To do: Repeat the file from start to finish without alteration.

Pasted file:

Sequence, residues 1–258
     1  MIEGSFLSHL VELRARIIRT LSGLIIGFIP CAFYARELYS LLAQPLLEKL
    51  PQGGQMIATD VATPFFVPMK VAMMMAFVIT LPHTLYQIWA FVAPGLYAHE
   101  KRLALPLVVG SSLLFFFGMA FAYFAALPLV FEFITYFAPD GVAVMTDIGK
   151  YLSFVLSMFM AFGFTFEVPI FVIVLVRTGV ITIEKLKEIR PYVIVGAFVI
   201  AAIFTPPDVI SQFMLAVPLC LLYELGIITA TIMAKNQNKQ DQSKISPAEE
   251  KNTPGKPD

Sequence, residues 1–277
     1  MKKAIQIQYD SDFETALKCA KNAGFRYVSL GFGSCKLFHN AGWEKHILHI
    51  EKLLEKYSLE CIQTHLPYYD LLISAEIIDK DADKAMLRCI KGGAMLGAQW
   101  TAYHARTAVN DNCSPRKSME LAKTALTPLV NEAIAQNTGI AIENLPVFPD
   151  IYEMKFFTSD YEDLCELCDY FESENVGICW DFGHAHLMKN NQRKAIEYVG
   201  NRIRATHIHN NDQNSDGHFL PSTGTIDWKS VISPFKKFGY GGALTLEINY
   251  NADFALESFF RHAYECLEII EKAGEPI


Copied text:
Sequence, residues 1–258
     1  MIEGSFLSHL VELRARIIRT LSGLIIGFIP CAFYARELYS LLAQPLLEKL
    51  PQGGQMIATD VATPFFVPMK VAMMMAFVIT LPHTLYQIWA FVAPGLYAHE
   101  KRLALPLVVG SSLLFFFGMA FAYFAALPLV FEFITYFAPD GVAVMTDIGK
   151  YLSFVLSMFM AFGFTFEVPI FVIVLVRTGV ITIEKLKEIR PYVIVGAFVI
   201  AAIFTPPDVI SQFMLAVPLC LLYELGIITA TIMAKNQNKQ DQSKISPAEE
   251  KNTPGKPD

Sequence, residues 1–277
     1  MKKAIQIQYD SDFETALKCA KNAGFRYVSL GFGSCKLFHN AGWEKHILHI
    51  EKLLEKYSLE CIQTHLPYYD LLISAEIIDK DADKAMLRCI KGGAMLGAQW
   101  TAYHARTAVN DNCSPRKSME LAKTALTPLV NEAIAQNTGI AIENLPVFPD
   151  IYEMKFFTSD YEDLCELCDY FESENVGICW DFGHAHLMKN NQRKAIEYVG
   201  NRIRATHIHN NDQNSDGHFL PSTGTIDWKS VISPFKKFGY GGALTLEINY
   251  NADFALESFF RHAYECLEII EKAGEPI